Baghdad and Erbil, Asharq Al-Awsat—The heads of two prominent Sunni Anbar tribes expressed unease about the prospect of cooperating with the US against the Islamic State of Iraq and Syria (ISIS) on Wednesday, and repeated calls for the Iraqi government to support them with funds, weapons, and ammunition.
The leaders of the most important Sunni tribes in the province, Sheikh Naim Al-Kaoud, head of the Albunimr tribe, and Sheikh Rafi Abdul Karim Al-Fahdawi, head of the Albufahd tribe, both told Asharq Al-Awsat they were wary of any US involvement in the fight against the extremist group in Anbar.
“For us . . . it would be better for the Iraqi state to arm us,” Kaoud said. “If, for whatever reason, it is not able to do this, I want to use this opportunity to call on the Arab countries, especially . . . Saudi Arabia, the UAE, and also Jordan to help arm us before the US does.”
Fahdawi also expressed similar sentiments regarding cooperating with the US.
“The question of arming the [Sunni Anbar] tribes is a very important one,” he said. “But what we truly fear is that all this racing towards America [by the Iraqi government] is the result of other interests that will harm those of the Anbar tribes and their families, who have paid a heavy price these recent years.”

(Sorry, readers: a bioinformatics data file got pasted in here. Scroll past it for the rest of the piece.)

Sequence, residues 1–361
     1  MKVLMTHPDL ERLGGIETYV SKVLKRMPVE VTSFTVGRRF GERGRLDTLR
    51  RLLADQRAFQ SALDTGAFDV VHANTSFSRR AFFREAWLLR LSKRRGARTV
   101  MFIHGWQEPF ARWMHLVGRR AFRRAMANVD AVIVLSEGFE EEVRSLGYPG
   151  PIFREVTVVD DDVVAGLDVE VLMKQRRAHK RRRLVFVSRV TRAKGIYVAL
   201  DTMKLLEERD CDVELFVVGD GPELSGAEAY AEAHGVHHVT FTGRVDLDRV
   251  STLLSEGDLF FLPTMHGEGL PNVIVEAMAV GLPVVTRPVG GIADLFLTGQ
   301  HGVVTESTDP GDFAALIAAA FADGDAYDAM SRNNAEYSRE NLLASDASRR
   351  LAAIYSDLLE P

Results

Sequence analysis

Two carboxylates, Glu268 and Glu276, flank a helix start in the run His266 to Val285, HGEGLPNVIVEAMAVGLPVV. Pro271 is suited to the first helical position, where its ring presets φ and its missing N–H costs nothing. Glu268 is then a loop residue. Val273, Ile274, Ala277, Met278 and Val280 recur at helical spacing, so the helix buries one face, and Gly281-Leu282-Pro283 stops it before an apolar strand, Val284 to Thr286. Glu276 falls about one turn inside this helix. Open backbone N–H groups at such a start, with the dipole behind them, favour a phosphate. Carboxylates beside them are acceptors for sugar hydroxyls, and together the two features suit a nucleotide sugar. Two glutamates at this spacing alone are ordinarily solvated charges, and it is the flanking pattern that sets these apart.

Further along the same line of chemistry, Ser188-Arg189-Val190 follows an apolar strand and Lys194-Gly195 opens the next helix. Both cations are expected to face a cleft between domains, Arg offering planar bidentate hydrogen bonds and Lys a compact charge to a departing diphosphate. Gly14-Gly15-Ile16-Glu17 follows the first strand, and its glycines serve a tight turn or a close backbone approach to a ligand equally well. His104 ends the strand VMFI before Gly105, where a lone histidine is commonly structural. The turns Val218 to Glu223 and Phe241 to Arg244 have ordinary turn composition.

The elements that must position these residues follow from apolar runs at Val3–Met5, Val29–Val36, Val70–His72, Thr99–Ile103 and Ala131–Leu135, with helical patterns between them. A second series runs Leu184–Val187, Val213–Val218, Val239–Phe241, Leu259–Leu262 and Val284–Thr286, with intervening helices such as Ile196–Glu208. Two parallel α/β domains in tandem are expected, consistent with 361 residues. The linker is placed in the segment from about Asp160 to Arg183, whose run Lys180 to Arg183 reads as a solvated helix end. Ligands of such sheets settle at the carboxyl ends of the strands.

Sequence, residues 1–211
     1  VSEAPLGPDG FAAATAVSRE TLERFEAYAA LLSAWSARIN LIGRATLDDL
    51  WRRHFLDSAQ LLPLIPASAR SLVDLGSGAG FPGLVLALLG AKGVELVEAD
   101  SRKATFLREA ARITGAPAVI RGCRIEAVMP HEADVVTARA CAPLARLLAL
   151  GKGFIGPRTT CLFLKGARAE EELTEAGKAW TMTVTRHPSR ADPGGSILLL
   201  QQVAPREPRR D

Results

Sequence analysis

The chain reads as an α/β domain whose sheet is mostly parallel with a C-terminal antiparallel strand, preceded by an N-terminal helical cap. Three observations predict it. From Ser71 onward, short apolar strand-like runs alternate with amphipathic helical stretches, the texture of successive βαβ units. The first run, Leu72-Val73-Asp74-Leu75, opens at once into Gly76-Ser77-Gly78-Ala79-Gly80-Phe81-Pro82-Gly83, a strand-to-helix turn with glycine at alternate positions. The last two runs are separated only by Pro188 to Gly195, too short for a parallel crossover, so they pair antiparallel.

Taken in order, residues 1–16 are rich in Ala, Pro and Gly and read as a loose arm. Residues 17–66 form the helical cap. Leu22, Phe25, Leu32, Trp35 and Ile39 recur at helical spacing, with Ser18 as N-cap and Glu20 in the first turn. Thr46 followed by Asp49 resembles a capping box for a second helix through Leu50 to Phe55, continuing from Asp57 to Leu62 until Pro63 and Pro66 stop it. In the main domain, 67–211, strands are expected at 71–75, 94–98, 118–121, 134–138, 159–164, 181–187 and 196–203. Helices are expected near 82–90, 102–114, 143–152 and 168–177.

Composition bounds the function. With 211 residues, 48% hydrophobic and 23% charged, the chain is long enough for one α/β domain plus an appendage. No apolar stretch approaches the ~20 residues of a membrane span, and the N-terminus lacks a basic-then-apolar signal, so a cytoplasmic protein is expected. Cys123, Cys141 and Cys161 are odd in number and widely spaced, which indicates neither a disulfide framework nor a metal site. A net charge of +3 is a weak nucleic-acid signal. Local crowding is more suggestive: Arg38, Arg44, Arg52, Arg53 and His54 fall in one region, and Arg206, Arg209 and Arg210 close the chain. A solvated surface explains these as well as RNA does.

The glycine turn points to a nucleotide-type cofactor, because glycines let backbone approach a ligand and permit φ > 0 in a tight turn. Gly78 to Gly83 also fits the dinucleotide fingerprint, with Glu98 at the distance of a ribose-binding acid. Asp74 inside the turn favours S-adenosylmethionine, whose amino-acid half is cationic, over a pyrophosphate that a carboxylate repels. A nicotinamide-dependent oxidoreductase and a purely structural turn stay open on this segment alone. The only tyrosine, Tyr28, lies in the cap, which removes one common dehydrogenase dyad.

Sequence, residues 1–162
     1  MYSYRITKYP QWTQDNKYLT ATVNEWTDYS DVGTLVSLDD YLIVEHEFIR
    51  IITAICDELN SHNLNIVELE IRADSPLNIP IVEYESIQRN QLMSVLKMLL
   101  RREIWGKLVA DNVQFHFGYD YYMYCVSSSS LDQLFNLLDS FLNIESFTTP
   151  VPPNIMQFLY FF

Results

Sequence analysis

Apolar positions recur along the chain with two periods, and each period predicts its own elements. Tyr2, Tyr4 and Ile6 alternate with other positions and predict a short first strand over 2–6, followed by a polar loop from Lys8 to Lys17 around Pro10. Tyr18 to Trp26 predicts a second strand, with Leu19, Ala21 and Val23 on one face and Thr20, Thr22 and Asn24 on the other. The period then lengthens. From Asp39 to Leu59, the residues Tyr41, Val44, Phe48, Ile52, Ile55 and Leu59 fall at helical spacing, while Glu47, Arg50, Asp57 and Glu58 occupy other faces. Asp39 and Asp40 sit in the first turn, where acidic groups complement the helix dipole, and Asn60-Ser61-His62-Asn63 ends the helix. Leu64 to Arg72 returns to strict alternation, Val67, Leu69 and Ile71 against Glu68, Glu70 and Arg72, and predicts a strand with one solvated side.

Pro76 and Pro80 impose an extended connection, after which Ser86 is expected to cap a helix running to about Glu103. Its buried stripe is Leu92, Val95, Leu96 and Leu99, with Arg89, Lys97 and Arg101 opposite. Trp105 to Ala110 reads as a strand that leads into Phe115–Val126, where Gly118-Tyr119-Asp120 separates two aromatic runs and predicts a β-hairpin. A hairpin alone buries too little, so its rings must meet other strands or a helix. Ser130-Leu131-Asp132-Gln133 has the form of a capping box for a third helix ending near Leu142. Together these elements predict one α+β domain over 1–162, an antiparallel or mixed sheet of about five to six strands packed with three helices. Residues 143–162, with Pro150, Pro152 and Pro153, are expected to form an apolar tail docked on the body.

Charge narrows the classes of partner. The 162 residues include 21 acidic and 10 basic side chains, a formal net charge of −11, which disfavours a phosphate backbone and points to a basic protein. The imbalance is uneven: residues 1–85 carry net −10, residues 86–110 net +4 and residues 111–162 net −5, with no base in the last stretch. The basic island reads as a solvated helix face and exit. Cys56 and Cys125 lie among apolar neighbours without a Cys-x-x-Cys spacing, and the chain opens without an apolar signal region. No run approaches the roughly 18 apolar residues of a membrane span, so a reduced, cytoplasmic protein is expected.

Both also added they were still in need of the support that they said had been promised to them by the government of Prime Minister Haider Al-Abadi, and which they say they have yet to receive.
Kaoud, whose tribe has lost around 650 members to ISIS, said the Iraqi government had not been “serious” in responding to the tribes’ requests for arms, despite their earlier promises and their being “totally capable” of doing so.
Despite this, he said, volunteer fighters from his tribe were in “high spirits” and keen to fight against ISIS, though they lacked the necessary funds, weapons, and ammunition to pose a serious threat to the group.
As a result, “our tribe has had to resort to purchasing weapons [ourselves] because the conflict between us and ISIS has become one of revenge,” he said.
In retaliation for the Albunimr tribe’s defiance, ISIS has reportedly killed several hundred members of the tribe in a series of massacres, in a bid to stifle further resistance and as a warning to others.
Saad Al-Hadithi, a spokesman from Abadi’s office, told Asharq Al-Awsat the prime minister was “eager” to arm the tribes and viewed this process as a “necessary one,” but that the “specific mechanisms of achieving this still need to fine-tuned.”
“Previously, there were weapons and funds which were offered to the tribes [in Anbar], but they ended up being misplaced,” he added.
Dalshad Abdullah contributed additional reporting from Erbil.